To avoid decline, Unitarian Universalism must risk offering heart, spirituality, and blessing.
In the middle of the last century, America was a churchgoing society. In much of the country, people who didn’t go to church or synagogue kept the fact quiet. There was nothing else to do on Sunday in most locales besides going to church. Polite persons didn’t even mow their lawns on Sunday morning. Shopping was out of the question. If you got crosswise with your church, decided you didn’t believe its creed, or were angered by its policies, you licked your wounds and found another church, because belonging to a church just seemed necessary to a good life—especially if you were raising children.
In this religious and social landscape, Unitarianism, and then Unitarian Universalism, offered people the opportunity to belong to a church free from the requirements of doctrines that they didn’t believe. Or, to put it crudely, Unitarian Universalism found a successful niche in the mid-twentieth century by asserting, in effect, “Unitarian Universalists are free to believe whatever we want to, and most of us don’t.”
The times, they have a-changed.
In 2011, this is an increasingly un-churched society. Plenty of people don’t participate in any organized religious observance. Most parents who bring their children to church are choosing church over soccer, TV, shopping, family time, and chores. Most children go to school with Christians, Jews, and Muslims, those of other faiths, and many friends who do not belong to a religious body. The right to believe what your own heart and mind suggest to you is true, including “nothing,” is taken for granted in much of elder society and in virtually all of younger society.
When people decide that they don’t believe what they were raised to believe, they often go for years without belonging to any church, because religion is no longer a privileged part of the social landscape in most parts of the nation. When they decide they want to go to church again, it is not because they want freedom; they’ve had freedom. Nor are most of them interested in “community,” generally speaking. For community they have Facebook, volleyball leagues, going out for a drink after work, mothers’ groups, and the like. No, when they show up at our door, they show up looking for the one thing they can’t get at the gym, or the Democratic Party headquarters, or the mothers’ group. They want a safe place to explore what happens to them when they start to deepen their lives. They are looking, in short, for a religious community—not a secular one. Those who try orthodox options and can’t bring themselves, in all integrity, to sign on, or who already know what they don’t believe, they are the ones who might come to us. These people are our natural constituency. These are the people we are supposed to be serving. This is our niche in the current religious landscape.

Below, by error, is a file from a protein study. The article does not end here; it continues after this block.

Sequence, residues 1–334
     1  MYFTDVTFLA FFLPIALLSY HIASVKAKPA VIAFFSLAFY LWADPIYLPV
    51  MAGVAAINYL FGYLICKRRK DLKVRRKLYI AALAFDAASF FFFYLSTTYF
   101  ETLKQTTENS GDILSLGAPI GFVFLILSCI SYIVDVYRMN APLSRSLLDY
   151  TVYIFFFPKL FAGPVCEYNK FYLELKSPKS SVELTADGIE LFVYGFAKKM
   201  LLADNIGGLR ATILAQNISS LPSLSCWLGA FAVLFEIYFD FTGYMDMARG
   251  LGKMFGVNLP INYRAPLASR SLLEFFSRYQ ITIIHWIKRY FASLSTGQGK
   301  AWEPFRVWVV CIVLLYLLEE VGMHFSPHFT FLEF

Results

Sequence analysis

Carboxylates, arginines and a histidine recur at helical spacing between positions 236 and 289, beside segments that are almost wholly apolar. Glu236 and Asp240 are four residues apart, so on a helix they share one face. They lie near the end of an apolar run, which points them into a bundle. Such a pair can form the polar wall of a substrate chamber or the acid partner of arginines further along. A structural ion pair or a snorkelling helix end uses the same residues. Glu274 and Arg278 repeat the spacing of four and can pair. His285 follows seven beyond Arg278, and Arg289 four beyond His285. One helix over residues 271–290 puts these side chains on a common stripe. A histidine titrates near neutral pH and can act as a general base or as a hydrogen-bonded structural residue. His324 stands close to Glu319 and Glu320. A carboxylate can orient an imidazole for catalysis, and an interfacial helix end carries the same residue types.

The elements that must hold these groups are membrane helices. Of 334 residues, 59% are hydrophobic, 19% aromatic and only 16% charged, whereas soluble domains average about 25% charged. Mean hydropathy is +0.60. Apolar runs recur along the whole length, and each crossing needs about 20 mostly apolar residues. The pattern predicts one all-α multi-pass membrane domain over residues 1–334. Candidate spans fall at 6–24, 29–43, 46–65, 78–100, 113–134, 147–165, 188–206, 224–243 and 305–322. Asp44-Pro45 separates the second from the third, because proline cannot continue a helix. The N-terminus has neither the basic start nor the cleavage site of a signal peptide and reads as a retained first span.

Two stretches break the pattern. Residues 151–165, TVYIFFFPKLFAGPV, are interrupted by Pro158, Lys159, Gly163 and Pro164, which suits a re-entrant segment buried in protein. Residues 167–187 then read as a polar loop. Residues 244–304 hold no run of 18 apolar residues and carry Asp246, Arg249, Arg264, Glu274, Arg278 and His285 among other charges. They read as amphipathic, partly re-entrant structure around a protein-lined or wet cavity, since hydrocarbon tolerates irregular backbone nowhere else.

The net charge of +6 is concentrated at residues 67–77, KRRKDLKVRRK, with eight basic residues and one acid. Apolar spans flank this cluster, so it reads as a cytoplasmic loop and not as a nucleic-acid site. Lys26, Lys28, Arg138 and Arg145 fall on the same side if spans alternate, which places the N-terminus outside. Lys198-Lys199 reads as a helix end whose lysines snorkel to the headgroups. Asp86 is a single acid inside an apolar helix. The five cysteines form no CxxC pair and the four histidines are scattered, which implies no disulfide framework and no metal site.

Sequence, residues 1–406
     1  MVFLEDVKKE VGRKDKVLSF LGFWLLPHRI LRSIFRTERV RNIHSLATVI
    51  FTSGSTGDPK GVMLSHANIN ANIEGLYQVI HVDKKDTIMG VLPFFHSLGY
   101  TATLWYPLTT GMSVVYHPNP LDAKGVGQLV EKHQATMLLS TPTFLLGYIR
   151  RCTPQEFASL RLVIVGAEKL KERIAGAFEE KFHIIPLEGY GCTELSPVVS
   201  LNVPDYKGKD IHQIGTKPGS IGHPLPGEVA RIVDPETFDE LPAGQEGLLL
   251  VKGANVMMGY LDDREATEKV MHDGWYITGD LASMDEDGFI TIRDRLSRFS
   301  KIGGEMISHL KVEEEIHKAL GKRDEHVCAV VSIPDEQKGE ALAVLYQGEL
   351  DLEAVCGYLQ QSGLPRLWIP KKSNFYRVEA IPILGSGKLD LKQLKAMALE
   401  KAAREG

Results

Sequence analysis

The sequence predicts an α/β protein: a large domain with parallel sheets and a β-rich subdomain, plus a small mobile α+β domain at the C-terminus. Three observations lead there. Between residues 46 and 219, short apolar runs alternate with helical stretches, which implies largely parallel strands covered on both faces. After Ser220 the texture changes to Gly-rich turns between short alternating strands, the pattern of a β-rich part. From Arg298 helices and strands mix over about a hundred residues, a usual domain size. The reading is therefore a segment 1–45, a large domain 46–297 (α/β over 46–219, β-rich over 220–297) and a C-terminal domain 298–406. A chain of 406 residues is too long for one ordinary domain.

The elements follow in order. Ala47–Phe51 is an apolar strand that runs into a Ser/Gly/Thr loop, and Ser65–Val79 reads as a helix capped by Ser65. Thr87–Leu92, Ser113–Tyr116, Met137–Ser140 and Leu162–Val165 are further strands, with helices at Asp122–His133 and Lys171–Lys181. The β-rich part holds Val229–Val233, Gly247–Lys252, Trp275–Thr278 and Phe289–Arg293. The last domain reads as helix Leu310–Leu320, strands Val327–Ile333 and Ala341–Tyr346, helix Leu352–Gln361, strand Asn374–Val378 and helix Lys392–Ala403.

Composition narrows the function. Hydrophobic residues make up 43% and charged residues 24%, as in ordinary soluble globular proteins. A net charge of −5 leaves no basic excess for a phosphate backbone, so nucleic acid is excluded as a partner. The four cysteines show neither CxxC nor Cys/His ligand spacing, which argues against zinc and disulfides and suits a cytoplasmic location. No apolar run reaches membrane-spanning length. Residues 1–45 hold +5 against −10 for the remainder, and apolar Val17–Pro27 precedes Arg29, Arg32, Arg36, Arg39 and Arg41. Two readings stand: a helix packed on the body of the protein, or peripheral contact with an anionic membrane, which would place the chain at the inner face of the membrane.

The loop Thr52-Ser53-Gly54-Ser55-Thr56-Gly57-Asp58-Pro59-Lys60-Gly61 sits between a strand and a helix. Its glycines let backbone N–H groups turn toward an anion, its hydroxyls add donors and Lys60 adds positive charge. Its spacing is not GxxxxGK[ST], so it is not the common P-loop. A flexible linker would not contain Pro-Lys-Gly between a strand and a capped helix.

If we don’t serve their needs for depth, heart, spirituality, hope, faith, and love outside of an orthodox setting, who will?
Early in my ministry, older colleagues talked about their building projects and how, “If you build it, they will come.” I want the next buzz to be about heart. “If you deepen, you will attract.” “If you risk offering heart, spirit, god, prayer, blessing—without demanding that people believe specific things about these practices—you will grow.”
When I think about my mixed emotions about undertaking change, I think about the saying that most people spell the word change L-O-S-S. I get it that secular Unitarian Universalism has been really important to some people and that change will be a loss. I get it that those of us who grew up singing Germanic hymns accompanied by a powerful organ look at the drum set in the chancel and spell it L-O-S-S.
And then I think of another important piece of doggerel wisdom: “At the bottom of God’s pocket is . . . change”—which, if it were translated by a theologian, would read: “Change is the very heart of reality, and the meaning of your life is to go with that flow, into the future.”
Adapted from “The Future of Unitarian Universalism: What’s Possible?,” a presentation at the 2011 Minns Lectures by Christine Robinson. See sidebar for links related to this story, including other selections from the Minns Lectures.Comments powered by Disqus